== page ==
It was a hardy-har bright story for your morning news: I-94 shut down! There's a dog on the highway! They had footage of the dog running through the stopped traffic as police pursued, and the anchorperson said, "Look at him, out for a stroll, havin' a good time."

Nnnnno. Lost, hungry, wet, and surrounded by big chuffing metal beasts with two men trying to catch him is pretty much the definition of a nightmare for any species.

If it's raining steaks and all the squirrels are slow as snails, that's a dog's idea of a good time.

Anyone who had a lost dog at the moment probably looked at the story agog; I did. Imagine you're a babysitter, and you go up to check on the 2-year old, and the window's open and the kid's gone. Then you get a text telling you, "Ha ha, news says there's a toddler on the freeway."

Your relief at knowing the child's been found immediately would be replaced by something else, shall we say.

I got texts and tweets from people asking: Is this your missing Scout on the highway, trotting toward downtown? Don't think so; he offices at home, and it's hardly likely my scent penetrated the glass walls of Strib HQ. (At least, I hope not; may need to ask co-workers.)

I looked at the news footage again. It could be him, inasmuch as it was a medium-sized quadruped with dark fur. It wasn't a pony trying to pass as a dog. You're looking at four pixels on a blurry screen; the picture made Pac-Man look like 3-D IMAX.

So I called MnDOT and asked if there was any higher-resolution footage available, because this is like looking at a guppy in Lake Harriet from the window of an airplane.

It makes you wonder: Why does traffic-cam footage look like the cameras were bought from a 1976 bank security system? Every time you see a picture from a highway cam, it seems as if the lens was coated with Vaseline. You could have a guy on a pole narrating the traffic, and you'd get more detail.

And then you wonder about bank cameras. Think about it: Every time you've seen a picture of a robber, it's shot from up in the corner of the room. Every robber knows that if he wears a baseball cap with a brim, that's all we'll see.

And so the police issue an alert: "Be on the lookout for a Twins fan." OK, toward the end of the season — especially the past few in which the team has struggled — that narrows down the search, but still.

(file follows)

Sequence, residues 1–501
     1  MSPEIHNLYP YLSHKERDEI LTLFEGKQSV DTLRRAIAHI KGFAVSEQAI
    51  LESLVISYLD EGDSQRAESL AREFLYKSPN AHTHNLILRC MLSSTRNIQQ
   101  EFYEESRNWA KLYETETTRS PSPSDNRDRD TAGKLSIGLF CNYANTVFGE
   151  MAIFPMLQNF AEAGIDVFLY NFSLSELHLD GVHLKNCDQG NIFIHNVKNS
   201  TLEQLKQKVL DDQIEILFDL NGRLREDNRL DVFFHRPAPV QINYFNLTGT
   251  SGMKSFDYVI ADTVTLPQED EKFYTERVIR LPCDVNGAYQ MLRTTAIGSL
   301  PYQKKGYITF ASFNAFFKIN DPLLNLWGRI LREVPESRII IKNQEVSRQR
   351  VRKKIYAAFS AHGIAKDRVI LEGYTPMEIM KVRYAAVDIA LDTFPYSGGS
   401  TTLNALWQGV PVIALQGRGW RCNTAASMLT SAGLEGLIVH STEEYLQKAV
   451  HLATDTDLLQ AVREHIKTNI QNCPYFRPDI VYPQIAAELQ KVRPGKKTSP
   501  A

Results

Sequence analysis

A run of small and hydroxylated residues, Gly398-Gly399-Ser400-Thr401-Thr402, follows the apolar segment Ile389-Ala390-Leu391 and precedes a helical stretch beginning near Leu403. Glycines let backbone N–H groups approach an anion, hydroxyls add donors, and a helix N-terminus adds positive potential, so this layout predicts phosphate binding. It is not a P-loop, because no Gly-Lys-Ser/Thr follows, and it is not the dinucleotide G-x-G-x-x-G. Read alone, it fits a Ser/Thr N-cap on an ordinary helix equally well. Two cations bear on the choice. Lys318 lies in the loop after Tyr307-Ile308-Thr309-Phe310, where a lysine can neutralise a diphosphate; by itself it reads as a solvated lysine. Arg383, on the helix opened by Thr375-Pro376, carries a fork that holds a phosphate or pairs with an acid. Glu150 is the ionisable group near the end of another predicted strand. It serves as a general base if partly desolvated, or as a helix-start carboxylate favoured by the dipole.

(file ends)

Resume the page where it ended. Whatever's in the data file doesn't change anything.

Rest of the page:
Imagine the conversation the bank had when it hired the security people:

Security guy: "We've got the cameras there waaaay up in the corner, looking down at an angle."

Bank manager: "OK, but I have to ask — why not behind the cashier, looking directly into the face of the robber?"

Security guy: "This way you can see them coming and going."

Manager: "I suppose, but it isn't the coming and going we want so much as, you know, the face."

Security guy: "From this angle you also can see the people who are traveling in the line next to the window the guy's robbing. Do you get it now? You see both lanes. Now, you can switch from this camera to the one we put on the farthest possible side of the lobby, and then you can watch the customers in both lanes from another direction. That way, in case one of the customers pulls over and sits down, you can send help. If one of the customers in this lane goes over into that one, you can dispatch someone to keep things straight."

Manager: "What are you talking about? It sounds like a system better suited for, oh, I don't know, a four-lane highway."

Security guy: "We sell a lot to them too, yes."

There's some good news, though. The highway cameras are being replaced with high-def models, MnDOT spokeswoman Christina Joyce said.

"We are in the process of upgrading to high-def cameras," she said. "We have purchased a quantity of new, high-def cameras to replace older first-generation analog/digital hybrid cameras.However, it will be a few years before all 800 traffic cameras are upgraded. But we will be upgrading as we're able."

That's great. Soon you'll be able to see a dog on the highway and know right away if it's yours!

By the way, if you do see a lost dog — and here we enter the boring PSA portion of this offering — do not chase, or shout. Experts say you should lie down, avoid eye contact, offer a treat and mutter familiar phrases.

If that sounds like your last date night with your spouse, you might consider counseling. So hug your spouse.

Also your dog.